The Eightfold Path, part 5
This article is the fifth in an eight-part series on the Eightfold Path, a core teaching from early Buddhism. I introduced the Eightfold Path in the first article in the series, so go back and check that out if you haven't heard of it before. (You can find links to all the articles in this series on the index page in the 'Buddhist theory' section.)
This week we're taking a look at the fifth factor of the path, right livelihood. As you can see from the quotation above, the instruction for this one is pretty simple - just avoid wrong livelihood! But what does that actually mean, and what difference does it make anyway? Let's get into it.
What is the 'wrong livelihood' we're supposed to abandon?
As you may have noticed, the definition of right livelihood that we find in Samyutta Nikaya 45.8, the discourse that we've been using all the way through this series of articles for the definitions of each aspect of the Eightfold Path, is rather sparse - some might say useless. We're told to abandon 'wrong livelihood', but we had probably already figured that one out given that there's something called 'right livelihood' that we're supposed to be doing instead.
If we search around some more in the Pali canon (the collection of discourses from the earliest stratum of the Buddhist teachings), sooner or later we come across Anguttara Nikaya 5.177, which suggests one definition of wrong livelihood:
"Monks, a lay follower should not engage in five types of business. Which five? Business in weapons, business in human beings, business in meat, business in intoxicants, and business in poison."
This is much more concrete, and thus at first sight appears to be much more helpful. OK, so we're supposed to avoid business in 'weapons' (selling weapons, maybe making them too?), business in 'human beings' (one imagines that this includes things like slavery rather than working in Human Resources), business in 'meat' (fishing, being a butcher?), business in 'intoxicants' (being a drug dealer is off the cards), and business in 'poison' (presumably both poisoning people and selling poison to others is frowned upon).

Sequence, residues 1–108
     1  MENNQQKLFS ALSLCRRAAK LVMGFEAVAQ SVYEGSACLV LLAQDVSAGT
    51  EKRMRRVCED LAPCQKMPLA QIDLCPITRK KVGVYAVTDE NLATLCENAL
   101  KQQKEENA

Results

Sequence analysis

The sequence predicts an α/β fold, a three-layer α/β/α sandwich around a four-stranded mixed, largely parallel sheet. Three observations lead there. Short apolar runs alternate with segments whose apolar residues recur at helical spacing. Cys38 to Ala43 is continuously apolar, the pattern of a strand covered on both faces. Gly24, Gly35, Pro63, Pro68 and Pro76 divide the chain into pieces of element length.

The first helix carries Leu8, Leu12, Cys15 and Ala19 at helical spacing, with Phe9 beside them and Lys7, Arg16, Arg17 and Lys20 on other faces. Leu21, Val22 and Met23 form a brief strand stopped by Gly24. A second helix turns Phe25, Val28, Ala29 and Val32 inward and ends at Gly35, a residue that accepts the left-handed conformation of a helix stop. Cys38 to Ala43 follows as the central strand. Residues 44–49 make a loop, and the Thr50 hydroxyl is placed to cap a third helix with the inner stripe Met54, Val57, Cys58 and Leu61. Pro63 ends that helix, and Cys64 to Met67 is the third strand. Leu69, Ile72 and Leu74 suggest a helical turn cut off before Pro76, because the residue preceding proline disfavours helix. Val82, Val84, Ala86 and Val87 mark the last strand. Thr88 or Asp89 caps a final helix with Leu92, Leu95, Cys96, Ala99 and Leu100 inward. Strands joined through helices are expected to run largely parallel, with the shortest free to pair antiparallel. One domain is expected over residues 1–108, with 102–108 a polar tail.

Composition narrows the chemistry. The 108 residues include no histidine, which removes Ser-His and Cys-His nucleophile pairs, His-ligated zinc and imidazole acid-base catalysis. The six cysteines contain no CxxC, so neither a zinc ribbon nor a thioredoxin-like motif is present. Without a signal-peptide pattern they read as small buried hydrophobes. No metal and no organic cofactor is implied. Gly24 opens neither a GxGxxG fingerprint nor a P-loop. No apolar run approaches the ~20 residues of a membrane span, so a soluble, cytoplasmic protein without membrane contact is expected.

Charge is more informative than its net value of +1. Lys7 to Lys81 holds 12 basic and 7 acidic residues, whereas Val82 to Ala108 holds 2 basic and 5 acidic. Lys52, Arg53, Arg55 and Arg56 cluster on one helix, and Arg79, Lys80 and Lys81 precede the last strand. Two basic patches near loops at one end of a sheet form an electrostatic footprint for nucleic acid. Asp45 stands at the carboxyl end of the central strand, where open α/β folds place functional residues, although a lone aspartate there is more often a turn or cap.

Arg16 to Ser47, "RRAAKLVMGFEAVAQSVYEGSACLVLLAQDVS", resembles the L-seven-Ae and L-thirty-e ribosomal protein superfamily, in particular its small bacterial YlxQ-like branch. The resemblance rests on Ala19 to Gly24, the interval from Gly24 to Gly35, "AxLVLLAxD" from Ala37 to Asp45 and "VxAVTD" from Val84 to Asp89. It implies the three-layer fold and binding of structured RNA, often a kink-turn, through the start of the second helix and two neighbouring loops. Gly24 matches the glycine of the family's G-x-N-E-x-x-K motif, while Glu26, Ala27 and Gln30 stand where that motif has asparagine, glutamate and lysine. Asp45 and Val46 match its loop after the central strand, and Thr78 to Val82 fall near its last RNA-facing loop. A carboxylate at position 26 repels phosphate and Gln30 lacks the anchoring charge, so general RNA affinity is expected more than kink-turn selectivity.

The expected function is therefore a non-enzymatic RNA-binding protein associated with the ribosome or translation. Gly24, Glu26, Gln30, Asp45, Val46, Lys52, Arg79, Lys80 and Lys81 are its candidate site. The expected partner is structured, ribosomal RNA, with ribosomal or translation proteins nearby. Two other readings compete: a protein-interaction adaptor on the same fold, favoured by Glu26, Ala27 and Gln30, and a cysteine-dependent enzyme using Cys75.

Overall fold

If you've read my previous article on right action and the precepts, however, you'll probably already know that I tend to get a bit suspicious of neat little lists like this. They seem to give a very straightforward answer to our moral questions, but a lot of it comes down to interpretation. While my comment above about Human Resources in relation to 'business in human beings' may have come across as facetious, there's a valid point there. I've lived a pretty sheltered life, but even I've worked for bosses who cared about me and looked out for my interests, and I've also worked for bosses whose only interest was to exploit me for everything I was worth and then throw me aside when I was all used up. Where do we draw the line with 'business in intoxicants' - are we concerned only with certain types of alcohol, or do we include creating apps which are designed to be habit-forming for the purpose of persuading people to part with significant amounts of money through hundreds of microtransactions?